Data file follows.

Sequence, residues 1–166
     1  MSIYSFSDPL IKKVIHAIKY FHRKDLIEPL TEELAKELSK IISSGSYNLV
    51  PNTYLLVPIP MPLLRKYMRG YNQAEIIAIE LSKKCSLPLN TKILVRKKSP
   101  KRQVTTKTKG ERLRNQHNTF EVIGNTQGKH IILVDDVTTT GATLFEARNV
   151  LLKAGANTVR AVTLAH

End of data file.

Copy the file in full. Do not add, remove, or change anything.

Sequence, residues 1–166
     1  MSIYSFSDPL IKKVIHAIKY FHRKDLIEPL TEELAKELSK IISSGSYNLV
    51  PNTYLLVPIP MPLLRKYMRG YNQAEIIAIE LSKKCSLPLN TKILVRKKSP
   101  KRQVTTKTKG ERLRNQHNTF EVIGNTQGKH IILVDDVTTT GATLFEARNV
   151  LLKAGANTVR AVTLAH